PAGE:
Saint John Henry Newman was hailed as a priest, a poet and a thinker who had a “profound” impact on the world as he was canonised by Pope Francis.
In front of tens of thousands of pilgrims at the Vatican’s St Peter’s Square, the Pontiff elevated the English theologian to sainthood.
The Prince of Wales, who represented the UK at the ceremony, praised the legacy of the cardinal, saying in a speech after the ceremony: “So today is a cause for celebration for us all – Anglicans, Catholics and simple admirers of Newman.
“He was a priest, a poet and a thinker ahead of his time.
“Above all, perhaps he was a fearless defender of truth, whose impact on the world was as profound as it is enduring.”
London-born Cardinal Newman, who died in England in 1890 aged 89, had been hailed by former pope Benedict XVI as a model for ecumenism.
An Anglican priest, he shocked Victorian society when he renounced an illustrious academic career at Oxford University to convert to Catholicism in 1845, convinced that the truth he sought could no longer be found in the Church of England.
The saint went on to found the Oratory at Birmingham in 1848 and through his writings spoke to many about the issues of faith, education and conscience.
One of his greatest legacies was helping to change attitudes towards the Catholic Church, raising its standing in British society.
Melissa Villalobos who was the subject of the second miracle attributed to Cardinal Newman – which confirmed his status as a saint – was in the congregation and described her journey to this point as destiny.
She recovered from a torn placenta in 2013, which threatened her unborn child’s life and her own, after praying to the revered priest for help.
The mother-of-seven said as she held the hand of her five-year-old daughter saved by divine intervention: “It’s been such a joyous day for me to see Newman become a saint.
“I feel like I’ve been waiting for this since the minute I was created, and here it is, even though I know some people have lived an entire life hoping for his canonisation and it never came.
“It’s a real blessing that I can see it, and be a part of it.”
Speaking about what attracted her to the eminent theologian, she added: “I think his tenderness and that came across when I read his letters.
“I could tell that he was not just this colossal genius, this intellectual powerhouse, but he also had a tremendous loving heart.”
Cardinal Vincent Nichols, leader of the Roman Catholic church in England and Wales, said about Newman after attending the ceremony: “I think all of those qualities that he had, of deep reflection, of experiencing great trouble, of experiencing ill health, of finding a foundation of faith that became unshakeable – it encourages all of us.”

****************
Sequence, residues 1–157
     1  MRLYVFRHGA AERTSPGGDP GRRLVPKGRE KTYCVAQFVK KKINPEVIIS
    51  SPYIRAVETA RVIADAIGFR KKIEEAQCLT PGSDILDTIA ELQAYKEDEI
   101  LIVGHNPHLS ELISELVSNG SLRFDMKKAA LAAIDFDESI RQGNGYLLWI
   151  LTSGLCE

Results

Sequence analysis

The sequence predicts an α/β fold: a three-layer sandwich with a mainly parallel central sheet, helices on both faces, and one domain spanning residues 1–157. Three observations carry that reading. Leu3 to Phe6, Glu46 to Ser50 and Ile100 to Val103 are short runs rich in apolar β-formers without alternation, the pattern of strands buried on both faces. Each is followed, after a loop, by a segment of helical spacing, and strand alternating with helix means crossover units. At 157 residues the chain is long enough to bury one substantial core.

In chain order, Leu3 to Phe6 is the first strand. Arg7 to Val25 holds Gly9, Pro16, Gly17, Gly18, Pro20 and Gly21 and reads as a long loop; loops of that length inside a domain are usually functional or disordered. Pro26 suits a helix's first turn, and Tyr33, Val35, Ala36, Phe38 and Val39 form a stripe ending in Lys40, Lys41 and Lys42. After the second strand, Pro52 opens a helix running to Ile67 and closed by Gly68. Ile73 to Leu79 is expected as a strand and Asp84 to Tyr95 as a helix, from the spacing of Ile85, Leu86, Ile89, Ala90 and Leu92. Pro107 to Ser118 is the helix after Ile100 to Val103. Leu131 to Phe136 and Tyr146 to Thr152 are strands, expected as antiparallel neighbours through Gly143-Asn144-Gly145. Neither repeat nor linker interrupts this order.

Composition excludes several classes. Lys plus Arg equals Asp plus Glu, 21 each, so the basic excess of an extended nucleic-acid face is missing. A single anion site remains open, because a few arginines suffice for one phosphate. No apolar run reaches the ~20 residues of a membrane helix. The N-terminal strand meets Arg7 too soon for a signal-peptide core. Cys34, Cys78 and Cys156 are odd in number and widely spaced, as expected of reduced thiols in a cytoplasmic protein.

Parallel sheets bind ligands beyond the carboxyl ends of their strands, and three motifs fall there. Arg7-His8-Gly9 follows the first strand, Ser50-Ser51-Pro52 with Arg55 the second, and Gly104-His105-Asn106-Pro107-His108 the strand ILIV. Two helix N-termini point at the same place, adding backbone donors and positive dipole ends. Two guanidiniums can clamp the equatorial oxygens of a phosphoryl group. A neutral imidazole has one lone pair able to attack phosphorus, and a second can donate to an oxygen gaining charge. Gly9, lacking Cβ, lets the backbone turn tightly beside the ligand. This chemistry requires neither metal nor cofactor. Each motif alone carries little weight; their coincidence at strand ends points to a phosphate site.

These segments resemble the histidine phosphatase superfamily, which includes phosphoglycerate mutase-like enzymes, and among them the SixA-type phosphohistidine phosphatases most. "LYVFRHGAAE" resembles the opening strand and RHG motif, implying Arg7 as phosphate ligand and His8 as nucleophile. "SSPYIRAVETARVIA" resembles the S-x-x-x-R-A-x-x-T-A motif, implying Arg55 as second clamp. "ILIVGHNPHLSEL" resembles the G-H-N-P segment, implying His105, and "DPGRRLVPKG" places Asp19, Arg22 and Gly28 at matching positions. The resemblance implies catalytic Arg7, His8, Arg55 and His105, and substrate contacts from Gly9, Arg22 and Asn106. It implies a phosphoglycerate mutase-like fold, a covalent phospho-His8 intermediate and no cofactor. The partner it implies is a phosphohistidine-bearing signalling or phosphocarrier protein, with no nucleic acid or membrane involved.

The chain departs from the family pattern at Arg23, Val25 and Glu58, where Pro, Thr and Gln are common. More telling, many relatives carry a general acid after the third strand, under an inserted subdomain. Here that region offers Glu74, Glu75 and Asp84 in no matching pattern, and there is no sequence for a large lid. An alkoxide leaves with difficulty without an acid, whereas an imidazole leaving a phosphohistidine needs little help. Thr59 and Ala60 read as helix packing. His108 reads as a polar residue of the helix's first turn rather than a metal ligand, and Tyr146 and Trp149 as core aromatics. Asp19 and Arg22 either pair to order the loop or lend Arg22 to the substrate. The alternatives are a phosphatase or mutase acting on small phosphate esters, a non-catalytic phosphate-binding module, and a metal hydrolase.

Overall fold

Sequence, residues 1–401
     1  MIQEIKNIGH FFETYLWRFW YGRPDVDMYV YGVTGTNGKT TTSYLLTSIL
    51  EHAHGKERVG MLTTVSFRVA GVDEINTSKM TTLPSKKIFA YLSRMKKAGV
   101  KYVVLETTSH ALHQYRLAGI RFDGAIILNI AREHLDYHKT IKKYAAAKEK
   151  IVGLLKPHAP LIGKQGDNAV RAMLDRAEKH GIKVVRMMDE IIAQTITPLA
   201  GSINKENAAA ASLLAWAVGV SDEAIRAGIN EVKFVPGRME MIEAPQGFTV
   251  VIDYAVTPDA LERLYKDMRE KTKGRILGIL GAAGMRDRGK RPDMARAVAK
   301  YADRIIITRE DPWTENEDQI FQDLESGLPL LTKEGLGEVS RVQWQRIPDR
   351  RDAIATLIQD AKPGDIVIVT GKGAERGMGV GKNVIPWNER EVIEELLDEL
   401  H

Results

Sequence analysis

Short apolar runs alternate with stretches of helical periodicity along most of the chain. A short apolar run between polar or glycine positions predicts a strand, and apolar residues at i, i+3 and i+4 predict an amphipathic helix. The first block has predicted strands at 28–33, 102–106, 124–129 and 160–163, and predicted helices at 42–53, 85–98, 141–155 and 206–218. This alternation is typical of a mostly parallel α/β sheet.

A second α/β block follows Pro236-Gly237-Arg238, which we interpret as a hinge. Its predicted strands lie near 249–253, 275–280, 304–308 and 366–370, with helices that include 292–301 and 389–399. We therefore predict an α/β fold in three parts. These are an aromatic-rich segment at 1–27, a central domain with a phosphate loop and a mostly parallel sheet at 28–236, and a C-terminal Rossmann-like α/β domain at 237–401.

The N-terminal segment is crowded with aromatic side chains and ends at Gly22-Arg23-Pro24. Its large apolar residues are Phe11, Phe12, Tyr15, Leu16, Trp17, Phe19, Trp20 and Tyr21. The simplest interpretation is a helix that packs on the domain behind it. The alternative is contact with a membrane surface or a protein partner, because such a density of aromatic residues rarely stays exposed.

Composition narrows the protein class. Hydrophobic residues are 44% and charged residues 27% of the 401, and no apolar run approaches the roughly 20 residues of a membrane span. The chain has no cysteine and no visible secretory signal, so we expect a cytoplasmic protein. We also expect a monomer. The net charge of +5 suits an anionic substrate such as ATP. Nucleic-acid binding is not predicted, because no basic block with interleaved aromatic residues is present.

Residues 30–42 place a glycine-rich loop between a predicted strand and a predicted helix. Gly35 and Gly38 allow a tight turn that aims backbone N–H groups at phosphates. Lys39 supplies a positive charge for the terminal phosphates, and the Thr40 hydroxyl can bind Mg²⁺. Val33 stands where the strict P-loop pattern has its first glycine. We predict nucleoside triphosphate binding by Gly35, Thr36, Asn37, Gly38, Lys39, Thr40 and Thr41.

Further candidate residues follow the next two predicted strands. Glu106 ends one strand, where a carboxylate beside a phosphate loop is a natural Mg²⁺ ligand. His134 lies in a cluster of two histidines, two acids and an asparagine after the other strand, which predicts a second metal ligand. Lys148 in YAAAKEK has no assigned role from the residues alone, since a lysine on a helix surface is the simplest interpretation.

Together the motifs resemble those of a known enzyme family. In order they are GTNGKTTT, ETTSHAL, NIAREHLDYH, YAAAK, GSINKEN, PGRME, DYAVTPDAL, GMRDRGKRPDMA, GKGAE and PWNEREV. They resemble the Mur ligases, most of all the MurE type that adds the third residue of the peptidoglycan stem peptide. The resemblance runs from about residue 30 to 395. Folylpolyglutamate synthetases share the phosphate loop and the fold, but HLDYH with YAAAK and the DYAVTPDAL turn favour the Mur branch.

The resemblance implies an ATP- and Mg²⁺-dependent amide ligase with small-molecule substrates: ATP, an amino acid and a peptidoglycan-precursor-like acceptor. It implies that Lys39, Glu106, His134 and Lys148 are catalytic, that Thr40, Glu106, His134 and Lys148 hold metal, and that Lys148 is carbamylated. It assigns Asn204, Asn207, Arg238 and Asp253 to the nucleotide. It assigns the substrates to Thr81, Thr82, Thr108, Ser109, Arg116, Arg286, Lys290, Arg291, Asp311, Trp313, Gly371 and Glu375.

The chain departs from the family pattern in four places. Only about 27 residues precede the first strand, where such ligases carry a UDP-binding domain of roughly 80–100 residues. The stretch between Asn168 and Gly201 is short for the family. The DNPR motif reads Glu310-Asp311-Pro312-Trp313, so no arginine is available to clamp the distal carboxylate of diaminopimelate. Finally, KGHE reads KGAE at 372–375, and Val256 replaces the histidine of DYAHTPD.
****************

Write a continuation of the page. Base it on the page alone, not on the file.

The saint was famed for his prose and wrote the words for the hymn, Lead, Kindly Light, Cardinal Nichols said about the piece: “Even though it was written earlier in his life before some of the great dramas started, I think it expresses exactly how he lived.
“There was an encircling gloom, he didn’t know what lay ahead, ‘one step enough for me, I’ll do it step by step’ but he was walking on an ever firmer sense of what it meant to be a disciple of Christ.”
Newman has been described as the first English saint of the modern age as he is the first non-martyr saint since the reformation.
The last UK individual to be made a saint was John Ogilvie, the 17th century Scottish martyr, canonised by Pope Paul VI in 1976.
Four other religious figures were also canonised by the pontiff, including India mystic and founder of a religious order Mother Mariam Thresia and Swiss laywoman Marguerite Bays who dedicated her life to her community.
Mother Giuseppina Vannini, a religious sister from Rome, and Brazilian-born Sister Dulce Lopes, who set-up a foundation which is now one of the largest charitable organisations in her homeland were also honoured.
In his homily, Pope Francis called on all Christians to adopt Cardinal Newman’s definition of someone of faith, something he described as being “kindly lights”.
The pontiff told the crowds, which the Vatican said was 50,000 strong: “Today we give thanks to the lord for our new saints. They walked by faith and now we invoke their intercession.”
He went on to say: “Such is the holiness of daily life, which Saint John Henry Newman described in these words ‘The Christian has a deep, silent, hidden peace, which the world sees not…The Christian is cheerful, easy, kind, gentle, courteous, candid, unassuming, has no pretence…with so little that is unusual or striking in his bearing, that he may easily be taken at first sight for an ordinary man’.
“Let us ask to be like that ‘kindly lights’ amid the encircling gloom.”
The miraculous healing of Jack Sullivan, a deacon from Boston, Massachusetts, of a crippling spinal condition after he prayed to the cardinal in 2001, led to the beatification of Newman, the first step towards sainthood.
The deacon, aged 80, was among the congregation and described the canonisation ceremony as “amazing”.